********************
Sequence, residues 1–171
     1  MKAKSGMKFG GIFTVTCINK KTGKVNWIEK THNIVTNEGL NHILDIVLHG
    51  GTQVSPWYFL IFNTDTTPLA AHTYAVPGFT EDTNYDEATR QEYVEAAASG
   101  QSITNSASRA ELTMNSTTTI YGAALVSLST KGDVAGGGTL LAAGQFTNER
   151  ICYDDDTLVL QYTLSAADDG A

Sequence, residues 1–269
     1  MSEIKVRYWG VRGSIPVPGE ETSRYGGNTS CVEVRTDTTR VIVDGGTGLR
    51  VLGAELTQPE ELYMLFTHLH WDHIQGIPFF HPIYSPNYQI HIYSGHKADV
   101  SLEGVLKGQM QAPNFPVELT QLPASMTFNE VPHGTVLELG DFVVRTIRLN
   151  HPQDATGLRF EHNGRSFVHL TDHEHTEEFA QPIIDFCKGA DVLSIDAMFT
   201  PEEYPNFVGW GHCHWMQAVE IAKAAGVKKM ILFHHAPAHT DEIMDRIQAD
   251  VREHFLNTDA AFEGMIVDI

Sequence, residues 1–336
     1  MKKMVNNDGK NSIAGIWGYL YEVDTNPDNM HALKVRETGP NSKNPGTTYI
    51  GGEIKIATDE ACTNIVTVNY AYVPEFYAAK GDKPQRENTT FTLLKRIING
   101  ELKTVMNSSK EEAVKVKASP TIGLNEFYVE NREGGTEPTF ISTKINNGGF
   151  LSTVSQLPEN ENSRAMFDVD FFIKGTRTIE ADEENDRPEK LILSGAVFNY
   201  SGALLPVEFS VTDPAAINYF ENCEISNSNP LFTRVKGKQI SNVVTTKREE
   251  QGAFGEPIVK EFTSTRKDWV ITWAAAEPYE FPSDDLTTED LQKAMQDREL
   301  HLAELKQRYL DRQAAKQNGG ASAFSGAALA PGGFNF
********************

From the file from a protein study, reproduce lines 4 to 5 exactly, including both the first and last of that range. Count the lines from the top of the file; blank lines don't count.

   101  QSITNSASRA ELTMNSTTTI YGAALVSLST KGDVAGGGTL LAAGQFTNER
   151  ICYDDDTLVL QYTLSAADDG A